Well, EXCELLENT work at school! I know it's not easy to achieve anything with the bipolar chaos at home.
I would listen to these folks. I have no idea what it's like to be properly involved in a spouse's treatment, but I can confirm that not being permitted to go to psychiatry visits, etc. does not seem very effective.
We have a "no meds, no marriage" rule in my house. Fortunately, my husband is 100% med compliant. Fortunately, he, his pdoc and I are a TEAM. I go to 90% of his appointments. He WANTS me there. He knows that he has memory issues and he recognizes that he has an often very distorted view of how things are. It really never ceases to amaze me how distorted his view of the world can be. And his pdoc would certainly be at a distinct disadvantage is determining the course of his treatment if she was relying only on the information he provided.
Although he is MED compliant, he is not treatment compliant. We have been doing regular pdoc visits for FOUR years this September. He was originally being treated for a diagnosis of depression. Although not treatment resistant, I would definitely describe him as treatment hesitant, so the pdoc moved very slowly. He has been on a mood stabilizer for 25 months but has remained in a mixed state. He really needed to be hospitalized right before Christmas - and admitted it, but refused. He has a real fear of hospitals left over from childhood. His pdoc has been seeing him weekly or every other week for over a year. He needs a higher level of care than that - and has FINALLY come to terms with that. As soon as the school year ends (he is a teacher) he is going to be evaluated for admission to either intensive outpatient or partial hospitalization. We are hoping that if he invests his summer in addressing his illness he will finally achieve some stability. If he manages to work one more year, he will be able to retire on a disability pension. He is slowly coming to terms with the fact that as long as he works, he will never be truly stable. Sad. But a fact.
I received an email in return from my SO's therapist. He declined to see me because it would impact his relationship with my SO. I knew it.
Now my SO's mom is in on this and she is writing an email to the therapist.
My SO has been very teary today saying how sad he is that he hurt me.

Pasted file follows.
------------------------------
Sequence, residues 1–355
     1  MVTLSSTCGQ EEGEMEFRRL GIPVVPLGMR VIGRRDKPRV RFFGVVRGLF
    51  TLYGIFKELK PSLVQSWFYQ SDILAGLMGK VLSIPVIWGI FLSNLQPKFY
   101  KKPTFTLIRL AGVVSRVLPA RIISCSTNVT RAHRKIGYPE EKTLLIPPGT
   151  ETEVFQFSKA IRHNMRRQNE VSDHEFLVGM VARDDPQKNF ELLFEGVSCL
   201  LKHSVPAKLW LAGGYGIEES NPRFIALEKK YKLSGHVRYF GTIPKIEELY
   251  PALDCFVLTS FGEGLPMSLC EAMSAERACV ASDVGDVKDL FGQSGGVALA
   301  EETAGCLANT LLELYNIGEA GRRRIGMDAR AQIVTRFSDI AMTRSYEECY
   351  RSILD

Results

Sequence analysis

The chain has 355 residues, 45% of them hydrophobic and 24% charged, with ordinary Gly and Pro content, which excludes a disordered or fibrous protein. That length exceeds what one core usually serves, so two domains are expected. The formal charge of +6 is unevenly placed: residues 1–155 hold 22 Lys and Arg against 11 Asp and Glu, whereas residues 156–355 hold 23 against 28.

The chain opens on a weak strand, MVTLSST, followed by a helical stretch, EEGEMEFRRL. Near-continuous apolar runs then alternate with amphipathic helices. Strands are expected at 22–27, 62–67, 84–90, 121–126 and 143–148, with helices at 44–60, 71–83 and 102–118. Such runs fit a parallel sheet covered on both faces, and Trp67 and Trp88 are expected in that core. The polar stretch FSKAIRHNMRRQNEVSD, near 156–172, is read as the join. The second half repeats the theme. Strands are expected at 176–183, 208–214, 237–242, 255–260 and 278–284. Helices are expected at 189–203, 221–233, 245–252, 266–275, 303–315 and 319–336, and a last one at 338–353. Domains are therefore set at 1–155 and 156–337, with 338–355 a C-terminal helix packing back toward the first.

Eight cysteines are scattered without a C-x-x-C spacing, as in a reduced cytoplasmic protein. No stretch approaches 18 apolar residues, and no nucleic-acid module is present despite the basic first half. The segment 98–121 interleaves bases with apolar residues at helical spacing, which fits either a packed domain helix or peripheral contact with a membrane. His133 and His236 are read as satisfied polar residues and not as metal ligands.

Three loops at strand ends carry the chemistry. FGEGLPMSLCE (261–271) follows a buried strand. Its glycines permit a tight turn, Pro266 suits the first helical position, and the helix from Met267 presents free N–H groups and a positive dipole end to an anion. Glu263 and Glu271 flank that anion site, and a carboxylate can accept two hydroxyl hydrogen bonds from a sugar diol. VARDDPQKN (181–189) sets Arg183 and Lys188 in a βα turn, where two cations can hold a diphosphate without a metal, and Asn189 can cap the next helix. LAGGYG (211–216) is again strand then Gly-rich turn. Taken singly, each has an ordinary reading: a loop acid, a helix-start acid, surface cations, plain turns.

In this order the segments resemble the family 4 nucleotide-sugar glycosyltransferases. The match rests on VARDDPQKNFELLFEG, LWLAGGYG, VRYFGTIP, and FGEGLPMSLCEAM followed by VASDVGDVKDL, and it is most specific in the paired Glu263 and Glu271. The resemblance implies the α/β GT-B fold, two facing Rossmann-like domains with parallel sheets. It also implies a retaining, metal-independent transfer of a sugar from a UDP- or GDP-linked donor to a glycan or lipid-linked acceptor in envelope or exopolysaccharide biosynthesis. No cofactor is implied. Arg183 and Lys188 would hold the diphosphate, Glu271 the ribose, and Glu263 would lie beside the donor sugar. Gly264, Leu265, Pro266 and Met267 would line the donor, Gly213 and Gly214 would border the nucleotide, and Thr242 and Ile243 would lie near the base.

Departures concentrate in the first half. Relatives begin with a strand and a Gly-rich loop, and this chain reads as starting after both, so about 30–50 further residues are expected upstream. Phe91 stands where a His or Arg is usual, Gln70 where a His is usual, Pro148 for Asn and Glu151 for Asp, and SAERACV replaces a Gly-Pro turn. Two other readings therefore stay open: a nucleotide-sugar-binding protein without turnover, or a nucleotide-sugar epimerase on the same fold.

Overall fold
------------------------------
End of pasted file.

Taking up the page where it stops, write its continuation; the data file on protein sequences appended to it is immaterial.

I don't need tears or apologies. I need peace and stability.
05/26/2012 06:36 AM
Posts: 3170 VIP Member
from what I've read I agree with the others , if he's not going to work on his own condition to be compliant with his medications and let you take part in his therapy sessions, that's a very bad sign. This is not a condition you can just "let be".
I trusted my wife with hers. I did not push hard enough. And it turned into a disaster.
They have to be willing to help themselves and to allow you to help. It is not just their life they are playing with, it is everybody that loves them as well.
05/27/2012 12:23 AM
Posts: 87 Member
"They have to be willing to help themselves and to allow you to help. It is not just their life they are playing with, it is everybody that loves them as well."
Let me just say that he has been in a place (albeit temporary) of complete sadness. He tells me he is so sorry that he hurt me, that he will talk to his therapist and take it all back, and that he will follow through with his meds and all therapy sessions. So, I took advantage of this and told him I wanted to see his therapist - alone - before his next session, and he agreed.
I know that I need to be a part of his therapy sessions and that is my next step. Right now, I need an hour with his therapist to let him in on the reality of this situation, as well as to help me deal with life at home with this man. The therapist agreed to see me as long as my SO agrees - and he does.
Wish me luck.
Post edited by: macy827, at: 05/27/2012 12:25 AM
05/27/2012 04:35 AM
Posts: 3170 VIP Member
05/27/2012 04:56 AM
Posts: 1651 Senior Member
This is a great development! Being part of his treatment TEAM is so important! Good luck!!
05/27/2012 08:00 AM
Posts: 11098 Group Leader
Macy, far more important that going to his therapist appointments is going to his psychiatrist's appointments. (But going to his therapist is a real concession on his part. A real start.)
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